The Grasslands Alliance: protecting the natural pampas grasslands of South America
The Southern Cone of South America is home to the unique natural Pampas grasslands that stretch across Uruguay and into Argentina, Brazil and Paraguay.
As agriculture, forestry, roads and urbanization brought economic development to the vast grasslands of South America, the area of this important ecosystem was reduced by half. Luckily, ranchers and conservationists are joining forces to save these vital lands.
The introduction of cattle in the sixteenth and seventeenth centuries began a sustained change to the wildlife of the grasslands. Once roaming in their millions, Pampas deer populations were now missing from large areas of the region, and overgrazing meant the loss of habitat for many species of birds.
More intensive production, like agriculture and forestry, has caused even greater destruction of natural grasslands. This change in land use has increased significantly in recent years with the rise in value of agricultural products, led by soybeans and corn, and forestry, mainly with eucalyptus and pine trees.
In the past, these grasslands occupied an area of 100 million hectares, ranging from Rio Grande do Sul, Argentina to southern Paraguay and Uruguay. Today, the remaining 50 million hectares of natural grasslands are home to 540 recorded wild bird species, 12 of which are globally threatened, such as the Saffron-cowled Blackbird , Black-and-White Monjita and Pampas Meadowlark (all Vulnerable to extinction). Among them are species of migratory birds that make long migrations annually, linking the North American prairies with the pampas of South America.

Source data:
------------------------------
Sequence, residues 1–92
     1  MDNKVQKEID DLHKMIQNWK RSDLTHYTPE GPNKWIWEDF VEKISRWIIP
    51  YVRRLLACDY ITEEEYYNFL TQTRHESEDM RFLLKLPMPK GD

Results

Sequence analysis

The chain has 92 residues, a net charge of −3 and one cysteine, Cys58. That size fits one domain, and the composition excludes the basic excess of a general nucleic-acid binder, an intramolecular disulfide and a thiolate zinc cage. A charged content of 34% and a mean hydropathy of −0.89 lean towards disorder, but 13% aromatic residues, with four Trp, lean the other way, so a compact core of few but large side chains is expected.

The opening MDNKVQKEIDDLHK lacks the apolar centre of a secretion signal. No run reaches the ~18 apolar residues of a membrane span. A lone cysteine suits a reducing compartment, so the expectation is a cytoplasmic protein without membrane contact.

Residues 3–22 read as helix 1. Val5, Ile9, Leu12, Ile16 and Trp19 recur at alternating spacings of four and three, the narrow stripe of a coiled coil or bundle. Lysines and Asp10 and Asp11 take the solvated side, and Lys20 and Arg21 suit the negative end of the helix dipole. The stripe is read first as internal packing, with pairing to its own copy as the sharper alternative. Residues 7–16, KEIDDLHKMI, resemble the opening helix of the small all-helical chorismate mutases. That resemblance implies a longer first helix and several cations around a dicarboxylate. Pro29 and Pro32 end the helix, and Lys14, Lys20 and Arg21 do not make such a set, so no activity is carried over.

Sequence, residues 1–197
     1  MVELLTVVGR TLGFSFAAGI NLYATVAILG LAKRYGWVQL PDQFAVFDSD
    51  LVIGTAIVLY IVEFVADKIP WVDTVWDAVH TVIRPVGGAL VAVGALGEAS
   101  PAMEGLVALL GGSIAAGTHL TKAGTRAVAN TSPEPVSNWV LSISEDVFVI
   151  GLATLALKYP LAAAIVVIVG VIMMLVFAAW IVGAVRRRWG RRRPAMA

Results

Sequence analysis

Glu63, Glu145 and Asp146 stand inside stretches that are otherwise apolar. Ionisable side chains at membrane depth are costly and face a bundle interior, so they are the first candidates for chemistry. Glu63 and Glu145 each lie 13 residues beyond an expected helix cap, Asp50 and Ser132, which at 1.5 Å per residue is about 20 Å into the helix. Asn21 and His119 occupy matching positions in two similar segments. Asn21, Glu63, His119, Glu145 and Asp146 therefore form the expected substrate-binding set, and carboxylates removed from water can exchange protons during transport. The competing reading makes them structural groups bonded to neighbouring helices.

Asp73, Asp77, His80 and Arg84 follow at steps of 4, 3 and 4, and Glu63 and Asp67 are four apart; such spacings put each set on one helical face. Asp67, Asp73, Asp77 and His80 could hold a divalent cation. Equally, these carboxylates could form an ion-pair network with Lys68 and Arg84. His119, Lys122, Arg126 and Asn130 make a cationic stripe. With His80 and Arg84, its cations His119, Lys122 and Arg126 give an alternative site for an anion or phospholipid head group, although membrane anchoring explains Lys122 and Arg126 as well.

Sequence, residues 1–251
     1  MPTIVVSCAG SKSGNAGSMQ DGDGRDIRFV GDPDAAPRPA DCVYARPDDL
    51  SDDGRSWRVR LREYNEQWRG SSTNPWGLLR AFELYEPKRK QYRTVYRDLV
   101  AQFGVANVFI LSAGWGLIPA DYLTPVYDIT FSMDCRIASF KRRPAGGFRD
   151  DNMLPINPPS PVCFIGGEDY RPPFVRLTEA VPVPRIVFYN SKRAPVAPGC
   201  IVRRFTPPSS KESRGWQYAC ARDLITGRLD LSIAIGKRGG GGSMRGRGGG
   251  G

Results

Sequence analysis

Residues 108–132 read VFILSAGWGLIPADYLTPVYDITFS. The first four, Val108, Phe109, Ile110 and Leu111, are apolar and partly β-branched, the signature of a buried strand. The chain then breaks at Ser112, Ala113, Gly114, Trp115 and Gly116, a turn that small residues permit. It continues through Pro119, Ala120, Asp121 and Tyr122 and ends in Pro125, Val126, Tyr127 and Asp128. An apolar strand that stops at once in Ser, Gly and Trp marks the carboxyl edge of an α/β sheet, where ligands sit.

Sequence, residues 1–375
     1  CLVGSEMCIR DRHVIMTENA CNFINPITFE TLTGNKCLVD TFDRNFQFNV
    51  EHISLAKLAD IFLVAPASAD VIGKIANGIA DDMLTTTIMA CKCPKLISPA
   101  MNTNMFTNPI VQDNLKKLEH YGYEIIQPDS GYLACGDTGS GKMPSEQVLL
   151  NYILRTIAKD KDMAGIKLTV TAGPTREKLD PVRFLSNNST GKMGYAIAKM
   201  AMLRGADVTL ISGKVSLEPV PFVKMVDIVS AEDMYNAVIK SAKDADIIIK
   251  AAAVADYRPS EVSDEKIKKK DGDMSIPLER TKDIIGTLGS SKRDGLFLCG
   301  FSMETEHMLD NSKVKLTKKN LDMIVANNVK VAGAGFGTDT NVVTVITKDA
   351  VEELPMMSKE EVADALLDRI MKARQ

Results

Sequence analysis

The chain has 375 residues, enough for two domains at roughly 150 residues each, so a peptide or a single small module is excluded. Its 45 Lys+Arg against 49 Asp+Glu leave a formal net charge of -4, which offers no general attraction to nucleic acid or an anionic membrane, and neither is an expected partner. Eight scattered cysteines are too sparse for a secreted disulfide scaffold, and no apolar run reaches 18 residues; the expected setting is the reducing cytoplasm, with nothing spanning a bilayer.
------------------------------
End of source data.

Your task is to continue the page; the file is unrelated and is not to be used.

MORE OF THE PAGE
Recognizing the global importance of conserving natural grasslands for biodiversity, BirdLife International and its partners in the Americas decided that they must do more to promote conservation action in the Southern Cone.
In 2006, they launched the first South American regional initiative for the conservation of natural grasslands: the Southern Cone Grasslands Alliance, led by BirdLife International and executed through local partners Aves Argentina, Guyra Paraguay, SAVE Brazil and Aves Uruguay.
The Grassland Alliance work with different governmental and non-governmental sectors to achieve sustainable levels of agriculture and forestation. Together, they continually promote social development, economic growth and nature conservation, with the provision of environmental goods and services.
In the Southern Cone, 95% of the grasslands are privately owned. Farmers face huge financial pressure to convert their native grasslands into crops to make more money over the short term, or to sell their land to industrial-scale agricultural giants.
These grasslands now represent one of the most critically endangered ecosystems in Latin America, yet provide one of the richest grazing areas in the world and are home to hundreds of bird species.
The Grassland Alliance came together to counter the pressures faced by private owners, coordinating the work of four BirdLife Partners – Aves Argentinas, Guyra Paraguay, Aves Uruguay and SAVE Brasil – ranchers, and their business partners.
The result of years of work, the bird-friendly beef certification system awards farms that conserve at least 50% of their original landscape. The meat is sold at higher prices since ranchers must also ensure farmers follow good practices such as feeding cattle with high quality food and water, and providing the cows with enough shade and shelter.
Great news for the Gran Chaco, South America’s second largest forest and home to a host of rare and threatened species. This year, a major national park in Argentina will expand its size by almost 50% – benefiting both wildlife and local livelihoods.
The vast Gran Chaco, South America’s second largest intact forest after the Amazon, is home to a wealth of endemic, resident and migratory birds. Deforestation and fragmentation are having a devastating impact, but co-ordinated conservation efforts extending way beyond its boundaries are beginning to produce results.